Wednesday, December 08, 2004

Celebrity Inertia

Since everyone else is talking about U2's latest CD, I thought I'd chime in on a tangential subject.

U2 is a popular band. That's a sort of understatement. They've gone beyond mere "celebrity" and moved into a category for which I cannot find an appropriate word. Call it "Supercelebrity" or something. By which I mean, they continue to be popular because they're popular. A sort of perpetual-motion machine. Their celebrity produces enough energy to sustain their celebrity in perpetuity.

The release of a new U2 album is an event, and I sympathize with any reviewer forced to review one. From my point of view, any work should be critiqued on its own merits rather than feeding off the goodwill of earlier efforts. But do we allow this with Supercelebrities? If U2 had released only 2 previous albums, how would a new release be viewed? What if those albums had been "Achtung Baby" and "The Joshua Tree"? What if those albums had been "Zooropa" and "Pop"?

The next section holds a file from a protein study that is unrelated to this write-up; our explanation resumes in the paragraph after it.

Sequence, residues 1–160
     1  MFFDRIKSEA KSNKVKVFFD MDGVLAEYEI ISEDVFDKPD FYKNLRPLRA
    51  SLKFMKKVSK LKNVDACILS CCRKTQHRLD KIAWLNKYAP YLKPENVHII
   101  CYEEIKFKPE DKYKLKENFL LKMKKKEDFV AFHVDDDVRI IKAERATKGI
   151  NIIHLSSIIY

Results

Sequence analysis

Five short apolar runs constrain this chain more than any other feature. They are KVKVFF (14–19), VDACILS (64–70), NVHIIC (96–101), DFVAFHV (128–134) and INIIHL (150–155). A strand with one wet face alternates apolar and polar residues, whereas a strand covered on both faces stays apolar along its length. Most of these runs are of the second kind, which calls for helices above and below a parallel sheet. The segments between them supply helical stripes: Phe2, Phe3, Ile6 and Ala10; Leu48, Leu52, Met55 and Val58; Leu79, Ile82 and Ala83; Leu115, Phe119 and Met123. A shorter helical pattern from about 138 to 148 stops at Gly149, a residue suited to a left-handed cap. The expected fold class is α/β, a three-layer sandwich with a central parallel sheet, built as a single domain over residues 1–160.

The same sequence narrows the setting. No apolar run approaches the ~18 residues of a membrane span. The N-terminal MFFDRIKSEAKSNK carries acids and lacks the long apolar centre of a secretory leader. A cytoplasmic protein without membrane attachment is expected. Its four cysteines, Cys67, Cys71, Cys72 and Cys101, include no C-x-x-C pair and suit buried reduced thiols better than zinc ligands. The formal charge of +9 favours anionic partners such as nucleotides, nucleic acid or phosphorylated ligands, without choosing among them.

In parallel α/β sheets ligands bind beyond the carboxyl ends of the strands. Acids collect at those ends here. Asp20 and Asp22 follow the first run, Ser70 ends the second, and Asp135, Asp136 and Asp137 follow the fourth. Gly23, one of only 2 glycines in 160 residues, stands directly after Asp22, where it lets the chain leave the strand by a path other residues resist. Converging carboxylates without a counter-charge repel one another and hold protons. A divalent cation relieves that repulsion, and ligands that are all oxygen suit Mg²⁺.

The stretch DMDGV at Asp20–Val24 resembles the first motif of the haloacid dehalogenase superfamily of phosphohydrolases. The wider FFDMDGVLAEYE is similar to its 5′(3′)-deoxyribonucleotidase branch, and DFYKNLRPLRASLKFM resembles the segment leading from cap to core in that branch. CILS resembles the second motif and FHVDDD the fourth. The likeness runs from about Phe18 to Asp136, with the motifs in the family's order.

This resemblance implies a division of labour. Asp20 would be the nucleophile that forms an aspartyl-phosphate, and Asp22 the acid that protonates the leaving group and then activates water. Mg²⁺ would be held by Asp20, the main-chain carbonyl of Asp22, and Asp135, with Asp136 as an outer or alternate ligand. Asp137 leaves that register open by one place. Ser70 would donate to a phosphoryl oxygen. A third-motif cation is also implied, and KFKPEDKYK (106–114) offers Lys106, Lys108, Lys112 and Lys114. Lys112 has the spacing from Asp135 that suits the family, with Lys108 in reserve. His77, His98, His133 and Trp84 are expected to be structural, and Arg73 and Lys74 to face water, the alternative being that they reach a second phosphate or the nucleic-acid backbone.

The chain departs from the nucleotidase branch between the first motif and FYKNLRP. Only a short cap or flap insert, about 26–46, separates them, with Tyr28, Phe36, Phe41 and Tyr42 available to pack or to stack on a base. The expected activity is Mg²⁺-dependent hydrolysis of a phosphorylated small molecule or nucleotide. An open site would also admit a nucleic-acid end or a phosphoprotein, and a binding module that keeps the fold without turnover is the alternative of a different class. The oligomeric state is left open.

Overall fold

Is "How to Dismantle an Atomic Bomb" selling well because it's a good record, or . . . because it's U2? At this point it's hard to say. If it's still selling well in a few months, we can probably call it a legitimate hit. But If U2 records started decreasing in quality, how long would their Supercelebrity status sustain them? Often, even if a new work is quite inferior to an artist's previous works, the artist will still get a pass. This is mainly because it's ceased being about the work and has become more about the artist. But this seems to ignore the fact that it was the quality of previous works that was responsible for the artist's status in the first place.

When an artist has built up enough well-received product, the body of work by an artist feeds that artist's celebrity status to the point where new product really isn't necessary. Simon and Garfunkel's concert in Central Park wasn't the big event it was because they'd just spent the year on the pop charts.

As the name of this blog suggests, I am/used to be a big fan of Daniel Amos. I think they peaked at "Doppelganger" and "Vox Humana." Their next album, "Fearful Symmetry," was a bit of a letdown, but "Darn Floor, Big Bite" was great. The next one, "Kalhoun," not my cup o' tea, but I did end up really liking "Motorcycle" after awhile.